Northern Story #9 · Marc Morro, INDUSTRIAL DESIGNER


Photography: Leila Méndez
Text: Ana Navarro

We have been following Marc Morro’s work for a long time. He is an industrial designer who found his way after a few years of transission, working on publicity. Now, AOO Altrescoses has become his place. AOO Altrescoses - ‘altres coses’ meaning ‘other things’ in Catalan- is the place to easily find those things that are usually hard to find. In AOO, Marc collects the work from other designers and brands and exposes his products. A salt shaker, a chair, a rug for the sofa, a stool… Apparently, these things have nothing in common; nevertheless, every time I go to AOO I feel that everything is somehow related, that all the objects have the same spirit. Everything fits together.

Let’s touch wood

Marc’s designs have real, simple, cosy and basic shapes. He designs objects with truthfulness, and patience: touching them, working on them and getting familiar with them. This is Marc’s routine. He is so familiar with his designs, that he lives with them. His beautiful workshop, which is placed in a coastal quarter of Barcelona called “Poblenou”, is also his home. Marc wakes up and goes to sleep in a room that is full of drafts that hang on the walls; a room that is full of boards of different types of wood and objects that are finished or in the process. In his room, you can also find, here and there, some of the classics of design by Miguel Milá, one of my favorite industrial designers: his lamps Cesta and TMC, his Salvador chairs. Marc’s studio is in a perfectly esthetic state of chaos.

I have a bit of Marc’s spirit at home, with my Manolito stool: it is nice, small, strong and cool.

Yes, Cadireta

Marc did not tell us anything about the piece that we would design until the day we met. When we arrived to the workshop, he unveiled the mystery and told us which was the destiny of this chapter: we would do one of his Cadireta chairs.

Marc’s Cadireta makes me think of my grand mother: when I was a child, she would often say that she wanted to sit for a while “a la fresca”, outside. Sitting in a Cadireta implies having the time to sit and look at life, think for a while, a calmly speak with a friend.

It looks like it is simple to do, but Marc tells us to pay attention and be careful. Its simplicity hides mathematic precision. All the parts must fit perfectly. It is made of flanders pine and only the seat and the backrest are varnished.

A, B, C, D and E... could sum up the Cadireta in these simple terms.

The most difficult part consists of cutting each piece of wood to te right size. Again, it seems to be simple but it is not. If you do not focus you risk getting an uneven chair.

“It might look monotonous, you spend a lot of time cutting wood. But later, everything gets its sense”

Dani and Joan start working. They listened to Marc but it is difficult to keep the same concentration from the beginning to the end, when they have already cut loads of identical boards. Marc sees the lack of concentration: “I am not checking the sizes, I guess you’re doing it alright”; “You are working all together, if a board is uneven, we won’t know who did it”. We all have a good laugh but I see how the guys take it as a reminder and start working with more attention.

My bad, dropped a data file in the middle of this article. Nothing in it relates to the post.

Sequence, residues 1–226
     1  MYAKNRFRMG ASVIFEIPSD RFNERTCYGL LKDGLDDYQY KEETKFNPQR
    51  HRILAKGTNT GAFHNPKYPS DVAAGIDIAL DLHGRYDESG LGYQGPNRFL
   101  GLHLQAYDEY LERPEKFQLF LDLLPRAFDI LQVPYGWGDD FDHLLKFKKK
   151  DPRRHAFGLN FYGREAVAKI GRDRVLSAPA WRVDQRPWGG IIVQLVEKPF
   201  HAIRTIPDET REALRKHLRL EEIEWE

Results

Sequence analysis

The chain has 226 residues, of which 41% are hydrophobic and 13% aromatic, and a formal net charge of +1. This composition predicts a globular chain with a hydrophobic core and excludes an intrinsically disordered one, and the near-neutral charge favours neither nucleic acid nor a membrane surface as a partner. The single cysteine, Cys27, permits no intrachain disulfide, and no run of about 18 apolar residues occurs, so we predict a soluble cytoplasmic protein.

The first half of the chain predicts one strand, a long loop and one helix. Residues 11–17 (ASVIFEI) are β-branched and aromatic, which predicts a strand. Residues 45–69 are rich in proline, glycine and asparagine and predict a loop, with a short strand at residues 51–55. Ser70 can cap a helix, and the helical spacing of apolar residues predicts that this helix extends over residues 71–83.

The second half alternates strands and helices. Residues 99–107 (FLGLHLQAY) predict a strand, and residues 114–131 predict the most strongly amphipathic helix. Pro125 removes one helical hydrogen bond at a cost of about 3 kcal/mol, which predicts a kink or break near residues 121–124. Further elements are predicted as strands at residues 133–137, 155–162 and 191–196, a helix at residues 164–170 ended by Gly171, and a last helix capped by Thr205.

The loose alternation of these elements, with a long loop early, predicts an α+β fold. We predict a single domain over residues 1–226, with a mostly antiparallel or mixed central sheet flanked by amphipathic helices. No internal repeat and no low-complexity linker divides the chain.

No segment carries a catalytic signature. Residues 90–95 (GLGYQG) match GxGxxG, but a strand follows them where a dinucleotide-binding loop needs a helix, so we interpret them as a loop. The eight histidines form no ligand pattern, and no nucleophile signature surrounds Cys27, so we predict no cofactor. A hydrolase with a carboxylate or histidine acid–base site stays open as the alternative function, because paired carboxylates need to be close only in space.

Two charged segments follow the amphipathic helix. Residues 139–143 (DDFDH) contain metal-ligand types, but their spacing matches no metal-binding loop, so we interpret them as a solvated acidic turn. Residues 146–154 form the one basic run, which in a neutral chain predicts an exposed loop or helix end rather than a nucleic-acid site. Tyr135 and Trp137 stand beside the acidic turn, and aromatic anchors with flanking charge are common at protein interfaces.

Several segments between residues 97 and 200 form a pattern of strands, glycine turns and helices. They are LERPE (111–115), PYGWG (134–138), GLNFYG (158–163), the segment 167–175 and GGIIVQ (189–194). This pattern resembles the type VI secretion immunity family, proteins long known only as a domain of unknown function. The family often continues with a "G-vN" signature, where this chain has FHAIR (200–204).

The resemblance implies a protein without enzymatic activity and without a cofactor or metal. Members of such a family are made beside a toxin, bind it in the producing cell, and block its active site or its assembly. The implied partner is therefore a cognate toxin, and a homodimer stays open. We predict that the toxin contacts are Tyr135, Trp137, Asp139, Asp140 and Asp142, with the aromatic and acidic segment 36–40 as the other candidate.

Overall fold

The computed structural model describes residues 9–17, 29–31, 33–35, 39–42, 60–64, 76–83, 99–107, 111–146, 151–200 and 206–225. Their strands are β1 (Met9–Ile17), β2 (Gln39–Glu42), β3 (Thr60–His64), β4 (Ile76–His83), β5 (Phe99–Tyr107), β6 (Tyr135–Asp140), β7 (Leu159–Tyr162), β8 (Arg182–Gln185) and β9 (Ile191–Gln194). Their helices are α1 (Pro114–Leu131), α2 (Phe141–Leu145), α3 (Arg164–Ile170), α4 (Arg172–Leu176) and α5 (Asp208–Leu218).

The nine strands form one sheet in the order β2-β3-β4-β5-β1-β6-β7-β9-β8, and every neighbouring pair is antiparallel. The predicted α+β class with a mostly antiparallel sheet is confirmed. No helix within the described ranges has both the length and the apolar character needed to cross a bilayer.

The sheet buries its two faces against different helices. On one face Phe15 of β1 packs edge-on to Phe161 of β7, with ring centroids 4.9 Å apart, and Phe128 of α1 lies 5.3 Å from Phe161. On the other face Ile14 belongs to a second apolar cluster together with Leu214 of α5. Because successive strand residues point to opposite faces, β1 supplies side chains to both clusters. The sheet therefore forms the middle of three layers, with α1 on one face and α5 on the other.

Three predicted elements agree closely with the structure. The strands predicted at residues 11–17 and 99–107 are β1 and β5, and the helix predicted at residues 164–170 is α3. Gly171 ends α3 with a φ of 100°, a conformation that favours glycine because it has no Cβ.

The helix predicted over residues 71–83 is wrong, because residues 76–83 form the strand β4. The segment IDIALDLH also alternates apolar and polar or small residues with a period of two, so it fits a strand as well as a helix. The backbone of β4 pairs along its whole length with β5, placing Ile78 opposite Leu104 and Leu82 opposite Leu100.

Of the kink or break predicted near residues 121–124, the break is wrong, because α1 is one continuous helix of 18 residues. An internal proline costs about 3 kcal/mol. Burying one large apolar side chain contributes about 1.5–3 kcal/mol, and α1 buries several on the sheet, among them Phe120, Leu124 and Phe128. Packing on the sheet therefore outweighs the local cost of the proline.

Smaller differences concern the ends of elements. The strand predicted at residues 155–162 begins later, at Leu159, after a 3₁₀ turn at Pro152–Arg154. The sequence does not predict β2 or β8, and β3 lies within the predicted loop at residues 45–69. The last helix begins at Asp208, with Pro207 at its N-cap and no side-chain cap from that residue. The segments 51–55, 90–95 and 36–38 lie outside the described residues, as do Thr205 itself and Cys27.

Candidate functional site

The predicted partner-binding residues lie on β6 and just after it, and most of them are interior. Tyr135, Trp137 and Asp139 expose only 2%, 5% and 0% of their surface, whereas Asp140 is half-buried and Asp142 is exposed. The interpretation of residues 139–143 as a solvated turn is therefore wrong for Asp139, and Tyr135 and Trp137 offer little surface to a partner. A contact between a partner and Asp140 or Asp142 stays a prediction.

Once all the pieces are cut, we have to sand down the edges. Only a little bit, so the boards do not get smaller.


Next step: we mark on each board, with a stencil, where the screws are placed.

We start drilling the boards. It is a very manual task, so it requires a lot of concentration. We ask Marc how does he know when he got to the right depth. He simply “feels” it. Actually, drilling is quite difficult. Marc gives us a good piece of advise: “you need to drill, getting in and out, caressingly. Or you’ll break the wood”.

Later, we give the drill-holes a countersink shape. This is a very important detail because it allows us to give more space to the screw. Thus, the thicker part of the screw will fit in better, with no danger of cracking the wood. It also gives the chair a cleaner look.


As Marc said before, it is time to give sense to all our work. We will set the seat first, then the backrest. Finally, the legs.

First, we put two “B” parts together with an “F”. Later, we assemble all the “A” pieces, for the seat and for the backrest. It looks like the backrest of one of the Cadiretas slopes a little bit. We are afraid that we might invent a “tipping Cadireta”, but if a board is poorly placed, we can fix it with another board.

Now, we put the seat and the backrest together. Marc can quickly grasp if a screw was put with little attention, that means, if it leans: “this wasn’t lovingly done” or later “waw, not a lot of love in there”. The noise that the screw makes when it is getting in, betrays a poor drill-hole by Joan or Dani: it is an irritated noise, like it is angry.

Before we decide to put the chair legs, it is important to sand them down. We have to do it carefully, eliminating the fibers and focussing on each area. Damn! it looks like it is a little bit uneven. Marc comforts us by saying that, sometimes, it is not your fault when the chair is uneven: it is a natural product so it might twist and get its own shape.

We put our last screw: we have finished our two Cadiretas.

First things first

Sitting in my Cadireta, I enjoy looking at Marc’s workshop. I see a few dishes from Sargadelos’ crockery, a box of Cheerios, and an old poster that advertises the trip from Barcelona to Palma the Mallorca in only one hour. The sun of this winter day gets through the big windows, Leila is looking at the pictures she took in her laptop, Marc and Joan talk about their experience building the Cadiretas.

I notice another poster that says “First things first”. I will keep this sentence.